Mitsuboshi Colors, Keepers of the Peace or Out-of-control Brats?

If there’s one show making me laugh more than I would have thought possible this season, it’s Mitsuboshi Colors, a series about three kids romping around their neighborhood in a style reminiscent of The Little Rascals. There are plenty of other anime this winter full of silly moments, but Mitsuboshi Colors thrives off of our laughter and promises to do so for the coming weeks. Watching Yui, Sat-chan, and Kotoha interact with each other and other members of their community is a little bit like witnessing a tornado—everyone and everything they pass gets swept up in their energy. It’s easy to overlook the fact that these are grade school kids who are almost completely unsupervised in their play and show no hesitation in wandering the city. We see a mom, a shopkeeper, and a police officer, but none of them impose any particular restrictions on the girls’ freedom to explore. These self-proclaimed “keepers of the peace” will make you worry and cringe, but there’s also a high chance you’ll find yourself laughing uncontrollably every episode and looking forward to more.

Particularly striking is the scale of area already shown in just the past few weeks. Their story doesn’t take place in some remote village, but in the middle of Tokyo. While Colors is based out of a fort in a park, their adventures take them into much busier places like train stations, an underground fish market, a well-known shopping alley, and even Akihabara. They’re confident in their ability to move from place to place.

As much as I love these kids and their jokes, I do think they go overboard from time to time. We repeatedly see them take up the attentions of Saito, a police officer, as well as trespass into wet paint and track footprints up and down the street. Sat-chan grabs on to a stranger and threatens him in exchange for his handheld console; later on, she runs from shop to shop in the fish market asking adults about poop. Kotoha and Sat-chan even climb on top of Ameyoko’s sign to the horror and entertainment of bystanders.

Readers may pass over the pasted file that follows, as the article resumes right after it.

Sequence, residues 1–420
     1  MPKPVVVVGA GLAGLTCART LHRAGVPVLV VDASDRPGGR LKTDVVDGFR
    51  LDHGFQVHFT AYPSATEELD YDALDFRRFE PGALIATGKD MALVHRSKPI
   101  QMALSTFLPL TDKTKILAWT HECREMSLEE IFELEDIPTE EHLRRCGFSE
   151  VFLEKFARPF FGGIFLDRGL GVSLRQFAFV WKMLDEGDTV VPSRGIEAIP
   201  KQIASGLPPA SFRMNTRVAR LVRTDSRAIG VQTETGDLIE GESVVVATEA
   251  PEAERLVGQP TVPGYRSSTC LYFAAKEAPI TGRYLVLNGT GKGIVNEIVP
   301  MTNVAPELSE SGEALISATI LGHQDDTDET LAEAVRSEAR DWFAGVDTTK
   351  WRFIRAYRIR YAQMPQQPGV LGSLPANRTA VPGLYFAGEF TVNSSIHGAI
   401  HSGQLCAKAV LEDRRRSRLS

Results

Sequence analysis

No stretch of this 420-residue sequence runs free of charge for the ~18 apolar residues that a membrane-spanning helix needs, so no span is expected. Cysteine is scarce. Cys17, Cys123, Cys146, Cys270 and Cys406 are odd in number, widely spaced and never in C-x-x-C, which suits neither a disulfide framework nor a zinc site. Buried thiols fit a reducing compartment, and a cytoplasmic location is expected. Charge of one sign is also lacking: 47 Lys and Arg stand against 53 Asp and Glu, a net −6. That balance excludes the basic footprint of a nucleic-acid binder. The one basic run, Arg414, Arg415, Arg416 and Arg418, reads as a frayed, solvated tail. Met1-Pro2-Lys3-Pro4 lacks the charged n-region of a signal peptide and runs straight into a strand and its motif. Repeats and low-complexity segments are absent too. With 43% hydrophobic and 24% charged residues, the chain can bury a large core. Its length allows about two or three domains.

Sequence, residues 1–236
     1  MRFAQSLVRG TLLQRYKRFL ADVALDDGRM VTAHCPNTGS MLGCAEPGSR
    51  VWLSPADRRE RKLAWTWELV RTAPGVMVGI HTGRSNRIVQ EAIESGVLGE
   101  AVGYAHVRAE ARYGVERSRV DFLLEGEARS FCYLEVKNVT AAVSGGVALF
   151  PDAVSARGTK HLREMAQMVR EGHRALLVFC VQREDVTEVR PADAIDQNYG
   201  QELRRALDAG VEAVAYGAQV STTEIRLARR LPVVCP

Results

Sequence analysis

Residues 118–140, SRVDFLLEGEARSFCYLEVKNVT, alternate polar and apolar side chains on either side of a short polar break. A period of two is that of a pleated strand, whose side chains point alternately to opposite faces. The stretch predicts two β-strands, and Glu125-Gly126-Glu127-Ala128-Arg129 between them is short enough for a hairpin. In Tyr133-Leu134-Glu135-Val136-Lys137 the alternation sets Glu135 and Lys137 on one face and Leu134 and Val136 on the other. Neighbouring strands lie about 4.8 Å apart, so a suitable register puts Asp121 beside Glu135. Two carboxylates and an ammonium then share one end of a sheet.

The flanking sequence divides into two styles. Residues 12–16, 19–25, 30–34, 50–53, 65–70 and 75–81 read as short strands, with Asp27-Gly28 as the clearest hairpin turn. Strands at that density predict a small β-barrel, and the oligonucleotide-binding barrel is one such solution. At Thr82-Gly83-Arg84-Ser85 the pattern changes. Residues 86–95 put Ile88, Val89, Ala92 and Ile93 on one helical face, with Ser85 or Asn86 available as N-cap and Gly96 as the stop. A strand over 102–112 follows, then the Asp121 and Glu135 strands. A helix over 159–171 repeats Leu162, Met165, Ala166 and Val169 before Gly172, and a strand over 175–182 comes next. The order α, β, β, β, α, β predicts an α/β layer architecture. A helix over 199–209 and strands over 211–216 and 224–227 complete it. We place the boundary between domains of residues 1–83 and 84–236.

As out of control as Colors seems to be, their acts aren’t without consequence. Saito constantly confronts and reprimands the trio, but not in a way that pushes them away. Their repeated visits to his station proves their affection and trust, despite calling him “the enemy.” Sat-chan’s mother and Whale Factory’s owner both capably manage Colors by sending them on errands and adventures around the neighborhood, like selling bananas and diffusing a fake bomb.

A large part of why I enjoy Mitsuboshi Colors so much is because it reminds me of some of the more memorable times of my childhood. I used to roam my neighborhood on bicycles with the same group of kids day in and day out. We’d run into the nearby woods without fear to build forts and swing on buoys strung from trees. It was normal to spend almost the entire day outside. Granted, this was within a residential subdivision, but it seems like more and more parents these days are too afraid to grant even this kind of freedom to their kids.

To some, this hands-off approach may look like a case of free-range parenting, but this way of life is much older and more grounded than that relatively recent term. Japan boasts low crime and homicide rates, and actively encourages its youth into independence from a very young age. Unlike where I grew up, ample public transportation and a cooperative community allows Japanese kids to manage themselves to and from school and other places. If something troubling occurs, like a train delay, or even an earthquake, kids know to turn to the adults around them for assistance. Anyone who watches anime knows students are also tasked with cleaning their schools on a regular basis.

The culture’s dedication to the community’s improvement as a whole relies on mutual trust and effort. Our societies may differ greatly from the one shown in Mitsuboshi Colors, but Kotoha, Sat-chan, and Yui prove a world where kids feel safe enough to explore their surroundings in a way that nurtures both playing and learning is a pretty fantastic place to be.